World-renowned anthropologist Jane Goodall has said young people should be striving towards different standards of success, besides money and fame.
Speaking to CNBC from last week's CogX conference, Goodall said young people shouldn't be looking to become "another Bill Gates," when asked how they should measure their success.
"Nobody needs that much money," said Goodall. "I mean, think of Amazon and (CEO) Jeff Bezos. He doesn't need all that money."
Bezos and Microsoft Co-Founder Gates are the first and second richest people in the world respectively, according to Forbes. But Gates is also known for his philanthropy, having founded the Bill & Melinda Gates Foundation in 2000 with his wife. It recently pledged $1.6 billion to global vaccine alliance Gavi amid the coronavirus crisis.
Meanwhile, Bezos launched the Bezos Earth Fund in February, with a $10 billion donation and the $2 billion Day One Fund in 2018. He also recently donated $100 million to Feeding America's Covid-19 Response Fund.
Goodall, who is famous for her groundbreaking study on chimpanzees, said young people should aim to do something they are passionate about. But she also said we should make room for "different standards of success."
"Success is, yes, getting the career you want, getting the job you want, getting the kind of life (you want)," she said. "I mean, maybe you want to raise a family and be a mother and be at home — that shouldn't be sneered at."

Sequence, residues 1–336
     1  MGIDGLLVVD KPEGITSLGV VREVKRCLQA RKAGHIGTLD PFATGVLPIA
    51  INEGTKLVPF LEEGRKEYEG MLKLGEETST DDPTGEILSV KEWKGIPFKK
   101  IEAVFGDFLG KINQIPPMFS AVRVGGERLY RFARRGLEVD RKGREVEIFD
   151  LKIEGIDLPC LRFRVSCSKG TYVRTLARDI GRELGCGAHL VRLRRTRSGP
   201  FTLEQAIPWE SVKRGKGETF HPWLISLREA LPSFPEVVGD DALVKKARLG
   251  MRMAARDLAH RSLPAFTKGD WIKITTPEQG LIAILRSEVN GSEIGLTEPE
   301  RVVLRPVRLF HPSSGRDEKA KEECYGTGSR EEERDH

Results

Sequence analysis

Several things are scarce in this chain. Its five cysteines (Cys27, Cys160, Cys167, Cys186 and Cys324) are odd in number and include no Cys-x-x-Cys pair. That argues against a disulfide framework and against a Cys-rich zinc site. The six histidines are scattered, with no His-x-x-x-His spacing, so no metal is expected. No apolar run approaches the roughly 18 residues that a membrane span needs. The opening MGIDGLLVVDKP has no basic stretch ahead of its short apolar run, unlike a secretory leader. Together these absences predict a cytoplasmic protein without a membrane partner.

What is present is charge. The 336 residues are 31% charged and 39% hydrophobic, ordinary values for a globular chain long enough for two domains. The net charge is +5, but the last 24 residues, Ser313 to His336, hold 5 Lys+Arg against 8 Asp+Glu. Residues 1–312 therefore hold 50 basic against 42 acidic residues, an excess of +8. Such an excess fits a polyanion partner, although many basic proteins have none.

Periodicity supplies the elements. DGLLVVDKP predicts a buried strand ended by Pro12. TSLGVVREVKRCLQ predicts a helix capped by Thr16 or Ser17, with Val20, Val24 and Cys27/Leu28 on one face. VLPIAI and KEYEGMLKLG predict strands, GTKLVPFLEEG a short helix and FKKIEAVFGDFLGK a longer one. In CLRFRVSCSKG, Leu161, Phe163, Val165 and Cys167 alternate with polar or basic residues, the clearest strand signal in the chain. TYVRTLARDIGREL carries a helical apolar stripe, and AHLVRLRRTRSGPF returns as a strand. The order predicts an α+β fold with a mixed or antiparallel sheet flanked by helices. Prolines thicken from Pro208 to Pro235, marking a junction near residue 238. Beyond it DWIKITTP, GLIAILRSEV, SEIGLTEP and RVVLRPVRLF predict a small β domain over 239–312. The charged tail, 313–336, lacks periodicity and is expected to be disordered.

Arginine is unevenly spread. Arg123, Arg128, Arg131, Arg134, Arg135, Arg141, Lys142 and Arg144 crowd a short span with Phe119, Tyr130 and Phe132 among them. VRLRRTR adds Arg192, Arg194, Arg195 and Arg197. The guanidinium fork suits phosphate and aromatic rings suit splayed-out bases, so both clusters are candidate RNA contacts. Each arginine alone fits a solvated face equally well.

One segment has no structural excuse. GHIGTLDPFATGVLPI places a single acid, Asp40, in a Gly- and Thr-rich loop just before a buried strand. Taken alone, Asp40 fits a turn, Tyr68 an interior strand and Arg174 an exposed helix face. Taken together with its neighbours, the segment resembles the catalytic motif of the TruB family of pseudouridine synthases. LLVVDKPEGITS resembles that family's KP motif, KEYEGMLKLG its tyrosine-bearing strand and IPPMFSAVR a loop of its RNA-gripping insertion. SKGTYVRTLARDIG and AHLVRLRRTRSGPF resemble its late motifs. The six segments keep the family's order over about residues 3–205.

Goodall said she had learned from the chimpanzees she studied about how crucial parental support is in the first couple of years of a young chimp's life in determining their future.
"Those offspring we now know after 60 years do better," she explained. "The males reach a higher position in the hierarchy, probably more sire kids. And the females (as) mothers ... probably raise more kids."
Goodall is perhaps best known for her observation in 1960 that chimpanzees used grass to fish ants out of a colony to eat, a discovery that debunked the widely-held belief that humans were the only species to use tools.
Goodall said she had been approached by quite a few young people who said they wanted to be "successful and famous" like her, asking for advice as to how they could achieve this.
"I said: 'Well first of all, that shouldn't be your goal in life,'" she said.
"I said: 'You think I wanted to be successful and famous?' I wanted to find out about the chimps, yes. I was told I needed to get PhD so I worked very hard to get it to please (British paleoanthropologist) Louis Leakey."
She added: "But you know, if I'd thought I'd have this kind of status that I have now, I probably would have quit then and there."
Leakey initially hired Goodall as his secretary. She joined him on expedition in Tanzania in the late 1950s and he then helped get her into the University of Cambridge, where she enrolled on a PhD course.
While studying, Goodall was dismissed by fellow academics for using what were considered unorthodox research methods, in giving chimpanzees names and describing their emotions.
But the conservationist said she overcame naysayers by following her mother's advice of pursuing your passion and working hard at it.
"And if people criticize you, try not to pay attention to them," she said. "And … I know that for some women today, it's very difficult to break into the man's world."
But the only way to prove yourself, she said was to "produce really good results" and that you're "qualified to have an equal footing."